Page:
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Igor Juricevic, Michael Webster; Adaptation to facial expressions. Journal of Vision 2008;8(6):712. doi: 10.1167/8.6.712.
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© ARVO (1962-2015); The Authors (2016-present)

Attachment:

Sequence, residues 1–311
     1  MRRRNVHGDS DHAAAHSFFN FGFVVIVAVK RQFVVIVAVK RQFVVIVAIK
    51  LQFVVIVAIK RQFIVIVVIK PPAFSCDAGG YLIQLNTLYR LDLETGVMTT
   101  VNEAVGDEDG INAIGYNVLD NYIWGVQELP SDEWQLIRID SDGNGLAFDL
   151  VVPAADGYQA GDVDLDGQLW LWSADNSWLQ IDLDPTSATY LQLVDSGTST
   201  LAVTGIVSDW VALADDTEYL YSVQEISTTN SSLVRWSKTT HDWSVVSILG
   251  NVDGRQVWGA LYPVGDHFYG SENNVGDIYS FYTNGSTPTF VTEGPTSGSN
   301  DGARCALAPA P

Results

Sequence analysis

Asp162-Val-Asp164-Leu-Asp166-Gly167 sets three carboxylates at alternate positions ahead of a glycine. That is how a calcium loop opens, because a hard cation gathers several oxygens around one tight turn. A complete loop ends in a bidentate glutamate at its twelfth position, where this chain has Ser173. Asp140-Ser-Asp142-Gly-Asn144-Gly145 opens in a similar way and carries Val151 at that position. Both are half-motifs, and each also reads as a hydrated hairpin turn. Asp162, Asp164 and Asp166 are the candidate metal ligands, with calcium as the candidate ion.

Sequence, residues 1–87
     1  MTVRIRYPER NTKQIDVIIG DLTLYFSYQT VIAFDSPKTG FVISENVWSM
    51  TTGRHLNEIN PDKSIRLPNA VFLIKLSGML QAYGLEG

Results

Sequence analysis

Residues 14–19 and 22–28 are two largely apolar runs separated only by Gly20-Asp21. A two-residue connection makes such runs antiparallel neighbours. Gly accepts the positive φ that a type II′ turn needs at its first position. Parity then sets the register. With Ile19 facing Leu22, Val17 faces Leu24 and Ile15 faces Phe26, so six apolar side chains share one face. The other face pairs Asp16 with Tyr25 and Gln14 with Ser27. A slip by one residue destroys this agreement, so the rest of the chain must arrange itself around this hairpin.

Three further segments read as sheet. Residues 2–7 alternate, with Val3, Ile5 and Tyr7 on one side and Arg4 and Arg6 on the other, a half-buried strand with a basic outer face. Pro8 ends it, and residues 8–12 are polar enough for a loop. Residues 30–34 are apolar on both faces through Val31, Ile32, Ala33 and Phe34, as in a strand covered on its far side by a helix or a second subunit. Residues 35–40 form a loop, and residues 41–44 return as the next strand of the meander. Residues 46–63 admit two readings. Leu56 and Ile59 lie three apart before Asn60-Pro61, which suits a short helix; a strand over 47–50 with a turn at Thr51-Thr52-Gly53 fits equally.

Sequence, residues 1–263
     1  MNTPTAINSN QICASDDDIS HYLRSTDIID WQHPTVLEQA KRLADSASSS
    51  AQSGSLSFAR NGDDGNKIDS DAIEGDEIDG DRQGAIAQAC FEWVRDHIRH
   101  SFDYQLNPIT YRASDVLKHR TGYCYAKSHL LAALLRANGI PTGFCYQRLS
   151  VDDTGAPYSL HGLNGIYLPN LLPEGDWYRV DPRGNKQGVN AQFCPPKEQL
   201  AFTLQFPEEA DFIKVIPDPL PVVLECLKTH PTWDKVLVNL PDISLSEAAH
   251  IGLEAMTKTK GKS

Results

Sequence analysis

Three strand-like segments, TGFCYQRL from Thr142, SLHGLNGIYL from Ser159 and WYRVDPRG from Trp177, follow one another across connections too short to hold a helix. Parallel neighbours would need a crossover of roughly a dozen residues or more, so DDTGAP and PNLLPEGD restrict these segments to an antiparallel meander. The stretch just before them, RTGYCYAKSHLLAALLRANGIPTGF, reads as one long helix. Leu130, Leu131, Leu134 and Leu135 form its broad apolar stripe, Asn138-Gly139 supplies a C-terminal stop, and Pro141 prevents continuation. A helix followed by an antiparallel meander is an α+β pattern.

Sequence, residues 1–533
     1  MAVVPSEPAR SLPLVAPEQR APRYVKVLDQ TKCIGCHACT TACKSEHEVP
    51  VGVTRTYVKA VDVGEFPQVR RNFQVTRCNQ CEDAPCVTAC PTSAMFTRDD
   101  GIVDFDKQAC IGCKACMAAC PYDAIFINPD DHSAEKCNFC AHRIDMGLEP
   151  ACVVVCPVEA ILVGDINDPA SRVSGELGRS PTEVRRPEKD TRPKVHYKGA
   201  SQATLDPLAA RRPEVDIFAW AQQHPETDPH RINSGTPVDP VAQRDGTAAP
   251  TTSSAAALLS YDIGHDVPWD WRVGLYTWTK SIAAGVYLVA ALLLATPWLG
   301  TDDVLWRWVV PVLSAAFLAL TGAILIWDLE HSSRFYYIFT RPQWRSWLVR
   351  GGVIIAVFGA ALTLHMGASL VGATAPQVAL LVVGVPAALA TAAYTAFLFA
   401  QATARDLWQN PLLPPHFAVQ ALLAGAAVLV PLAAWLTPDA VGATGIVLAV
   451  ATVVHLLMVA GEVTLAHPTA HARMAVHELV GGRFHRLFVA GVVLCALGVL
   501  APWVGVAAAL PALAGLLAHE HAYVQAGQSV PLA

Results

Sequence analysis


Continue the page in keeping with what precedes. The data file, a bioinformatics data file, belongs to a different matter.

Facial expressions form a limited and stereotyped set of stimulus categories that are readily recognizable and which may in part be encoded in distinct neural pathways. We used adaptation to examine the interactions between the perception of the six basic expressions (anger, fear, happiness, sadness, surprise and disgust). The Singular Inversions program FaceGen Modeller was used to create faces with varying degrees of expression relative to a neutral face with average characteristics. Observers used a seven-point scale to rate the perceived magnitude of these expressions before or after adapting to the neutral face or the extreme level from each of the six categories. In each case adaptation produced the strongest changes in the perceived intensity of the adapting expression, so that the aftereffects are selective for each category. Non-adapted expressions also tended to be reduced in perceived magnitude rather than enhanced (though weak enhancements were suggested in happy or sad faces after adapting to surprised faces, or vice versa), and the largest changes in the ratings occurred for moderate contrasts of the stimuli rather than in the neutral (zero-contrast) face. This general pattern of the adaptation effects is more consistent with partially separate representations of the different expressions rather than a strong opponent coupling between specific expressions.
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